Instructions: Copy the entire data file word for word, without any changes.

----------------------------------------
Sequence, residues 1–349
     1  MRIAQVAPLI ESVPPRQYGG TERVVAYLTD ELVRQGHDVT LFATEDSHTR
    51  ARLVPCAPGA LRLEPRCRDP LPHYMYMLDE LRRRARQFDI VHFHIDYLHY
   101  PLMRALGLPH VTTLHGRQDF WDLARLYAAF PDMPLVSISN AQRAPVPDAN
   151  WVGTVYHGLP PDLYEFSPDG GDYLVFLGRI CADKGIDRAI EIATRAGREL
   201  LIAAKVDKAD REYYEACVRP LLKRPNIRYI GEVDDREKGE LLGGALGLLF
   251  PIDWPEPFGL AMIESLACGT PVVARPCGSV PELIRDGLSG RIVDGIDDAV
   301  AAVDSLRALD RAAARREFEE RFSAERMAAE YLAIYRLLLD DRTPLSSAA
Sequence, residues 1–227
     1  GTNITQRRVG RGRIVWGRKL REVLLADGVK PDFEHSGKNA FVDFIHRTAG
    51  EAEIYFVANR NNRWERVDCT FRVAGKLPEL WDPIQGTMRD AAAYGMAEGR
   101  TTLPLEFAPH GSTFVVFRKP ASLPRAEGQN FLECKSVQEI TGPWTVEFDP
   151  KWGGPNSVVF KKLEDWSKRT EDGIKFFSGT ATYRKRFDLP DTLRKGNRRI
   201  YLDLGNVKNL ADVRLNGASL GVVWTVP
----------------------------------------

Sequence, residues 1–349
     1  MRIAQVAPLI ESVPPRQYGG TERVVAYLTD ELVRQGHDVT LFATEDSHTR
    51  ARLVPCAPGA LRLEPRCRDP LPHYMYMLDE LRRRARQFDI VHFHIDYLHY
   101  PLMRALGLPH VTTLHGRQDF WDLARLYAAF PDMPLVSISN AQRAPVPDAN
   151  WVGTVYHGLP PDLYEFSPDG GDYLVFLGRI CADKGIDRAI EIATRAGREL
   201  LIAAKVDKAD REYYEACVRP LLKRPNIRYI GEVDDREKGE LLGGALGLLF
   251  PIDWPEPFGL AMIESLACGT PVVARPCGSV PELIRDGLSG RIVDGIDDAV
   301  AAVDSLRALD RAAARREFEE RFSAERMAAE YLAIYRLLLD DRTPLSSAA
Sequence, residues 1–227
     1  GTNITQRRVG RGRIVWGRKL REVLLADGVK PDFEHSGKNA FVDFIHRTAG
    51  EAEIYFVANR NNRWERVDCT FRVAGKLPEL WDPIQGTMRD AAAYGMAEGR
   101  TTLPLEFAPH GSTFVVFRKP ASLPRAEGQN FLECKSVQEI TGPWTVEFDP
   151  KWGGPNSVVF KKLEDWSKRT EDGIKFFSGT ATYRKRFDLP DTLRKGNRRI
   201  YLDLGNVKNL ADVRLNGASL GVVWTVP